How to Pass the NREMT Written Exam

In order to become an emergency medical responder (EMR), emergency medical technician (EMT), advanced emergency medical technician (AEMT), or paramedic, you must first take a class from the National Registry of Emergency Medical Technicians (NREMT) and pass their certification exam. 

This exam qualifies you to work in the emergency medical services (EMS) community. This may sound simple enough, but only 67% of hopeful EMTs and 70% of paramedics passed the test on their first try in 2020. If you want to pass, you’ll need to come prepared with more than the required NREMT class you take prior to the test. 

Today, we’ll talk about what it takes to pass the NREMT written exam. We’ll also introduce an NREMT exam prep tool that can help you prepare for both the class and the test.

Understand What to Expect From the Test

One way to prepare for an exam is to get a better understanding of its format. The cognitive (written) portion of the NREMT exam is taken on a computer. Most people will take a Computer Adaptive Test (CAT), which is shorter, more precise, and individualized to the test taker’s skill level. If you’re going for your AEMT certification, you’ll take a Linear exam instead, which has a fixed number of questions.

Knowing the finer details is important, too. For example, how many NREMT questions should you expect to answer? The test consists of seventy to 120 questions, and you’ll have two hours to answer them.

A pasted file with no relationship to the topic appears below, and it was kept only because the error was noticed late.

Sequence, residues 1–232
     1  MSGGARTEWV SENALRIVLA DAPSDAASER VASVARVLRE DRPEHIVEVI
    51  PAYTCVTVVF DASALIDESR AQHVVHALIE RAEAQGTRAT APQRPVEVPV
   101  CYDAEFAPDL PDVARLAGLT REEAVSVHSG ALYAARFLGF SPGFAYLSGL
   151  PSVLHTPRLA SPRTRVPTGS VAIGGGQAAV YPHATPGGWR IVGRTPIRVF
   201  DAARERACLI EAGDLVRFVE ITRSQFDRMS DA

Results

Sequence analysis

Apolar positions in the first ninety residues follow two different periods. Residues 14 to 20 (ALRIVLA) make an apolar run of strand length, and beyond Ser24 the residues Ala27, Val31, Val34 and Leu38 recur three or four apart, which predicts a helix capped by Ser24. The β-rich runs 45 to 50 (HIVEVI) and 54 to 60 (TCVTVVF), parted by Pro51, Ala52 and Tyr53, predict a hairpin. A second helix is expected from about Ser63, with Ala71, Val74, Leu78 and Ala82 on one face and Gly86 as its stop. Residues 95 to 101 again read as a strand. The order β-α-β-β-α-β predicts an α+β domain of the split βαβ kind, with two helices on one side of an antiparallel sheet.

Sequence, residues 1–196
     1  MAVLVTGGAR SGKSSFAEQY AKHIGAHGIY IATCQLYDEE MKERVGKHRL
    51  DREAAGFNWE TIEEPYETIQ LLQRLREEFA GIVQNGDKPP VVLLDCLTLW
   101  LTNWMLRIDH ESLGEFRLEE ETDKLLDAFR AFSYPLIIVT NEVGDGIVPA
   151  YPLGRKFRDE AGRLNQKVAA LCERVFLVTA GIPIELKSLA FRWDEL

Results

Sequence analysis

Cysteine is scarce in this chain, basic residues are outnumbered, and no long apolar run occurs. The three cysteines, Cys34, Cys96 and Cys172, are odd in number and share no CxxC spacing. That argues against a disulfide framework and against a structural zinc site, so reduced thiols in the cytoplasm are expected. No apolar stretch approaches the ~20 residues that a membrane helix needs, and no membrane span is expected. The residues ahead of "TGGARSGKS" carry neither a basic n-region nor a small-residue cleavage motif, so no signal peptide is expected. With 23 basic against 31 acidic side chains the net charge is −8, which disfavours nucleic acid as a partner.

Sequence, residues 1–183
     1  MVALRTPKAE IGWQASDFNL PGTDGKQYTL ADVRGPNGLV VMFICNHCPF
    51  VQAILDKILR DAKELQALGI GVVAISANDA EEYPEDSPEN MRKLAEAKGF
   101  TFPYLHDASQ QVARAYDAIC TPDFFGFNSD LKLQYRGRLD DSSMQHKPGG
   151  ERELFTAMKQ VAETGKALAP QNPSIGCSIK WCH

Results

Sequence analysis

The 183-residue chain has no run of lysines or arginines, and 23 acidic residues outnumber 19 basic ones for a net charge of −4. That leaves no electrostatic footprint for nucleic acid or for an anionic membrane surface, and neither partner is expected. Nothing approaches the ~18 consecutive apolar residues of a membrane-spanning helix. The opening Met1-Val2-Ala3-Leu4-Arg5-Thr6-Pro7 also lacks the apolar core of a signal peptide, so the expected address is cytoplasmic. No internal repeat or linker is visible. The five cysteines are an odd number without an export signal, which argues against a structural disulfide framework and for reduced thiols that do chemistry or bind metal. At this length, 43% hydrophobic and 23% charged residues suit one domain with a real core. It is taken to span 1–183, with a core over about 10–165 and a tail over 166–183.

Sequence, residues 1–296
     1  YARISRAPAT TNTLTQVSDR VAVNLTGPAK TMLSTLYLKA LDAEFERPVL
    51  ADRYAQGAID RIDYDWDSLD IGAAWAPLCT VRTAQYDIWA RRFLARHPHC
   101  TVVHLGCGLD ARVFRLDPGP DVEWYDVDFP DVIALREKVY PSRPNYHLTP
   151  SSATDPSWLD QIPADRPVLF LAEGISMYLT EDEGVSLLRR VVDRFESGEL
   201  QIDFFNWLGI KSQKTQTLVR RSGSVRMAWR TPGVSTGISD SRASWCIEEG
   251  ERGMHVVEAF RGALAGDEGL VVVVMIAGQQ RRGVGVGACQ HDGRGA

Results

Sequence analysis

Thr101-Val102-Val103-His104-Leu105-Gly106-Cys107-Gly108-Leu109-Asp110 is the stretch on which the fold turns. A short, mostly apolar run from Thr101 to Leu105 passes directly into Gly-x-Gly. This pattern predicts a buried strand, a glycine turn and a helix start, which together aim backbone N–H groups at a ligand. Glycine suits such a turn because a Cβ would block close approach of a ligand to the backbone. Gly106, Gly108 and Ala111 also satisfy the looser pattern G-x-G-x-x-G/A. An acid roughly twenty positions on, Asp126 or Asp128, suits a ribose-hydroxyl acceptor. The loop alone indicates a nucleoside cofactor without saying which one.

The CAT test gets progressively harder as you complete it, but ten of your test questions won’t actually count towards your score. You won’t know what they are, but those ten questions are being tested for their fairness and appropriateness on future exams. Of course, it’s important to answer NREMT questions as though all of them count.

Study What EMS Providers Do

The NREMT test questions are based on situations you’ll encounter on the job, including resuscitation (bringing someone back from unconsciousness or apparent death), labor and delivery, and respiration (breathing in air and breathing out carbon dioxide). You won’t see questions that cover procedures specific to any region, county, or state, and you also won’t see questions about controversial issues. 

Getting a good idea of what EMS workers do in the field is the best way to prepare for this exam. The test doesn’t rely on any single source for information, so you should reference multiple up-to-date resources when studying challenging topics.

Come Prepared

Before taking any test, you should prepare your mind and body by getting a good night’s sleep. After all, you don’t want to answer questions when you’re not fully awake. 

On the day of the exam, eat a well-balanced meal to get energy that’ll last throughout the day. Your confirmation materials will tell you which forms of identification you’ll need to bring in order to take the exam. Make sure you have them before you leave home.

Get to the testing site at least thirty minutes before the exam is set to begin, as it may take some time to get checked in. 

Get the Boost You Need

While you’re required to take an EMT class before your exam, the course is accelerated, covering material quickly. This means you may not catch all of the information you need in order to pass. 

To help you prepare, The Paramedic Coach has created the Video Vault, a study tool that reviews your material and covers all five parts of the National Registry exams. The Video Vault features material for every EMS level, and you won’t have to buy it every time you advance in your career–your one-time purchase gives you lifetime access.

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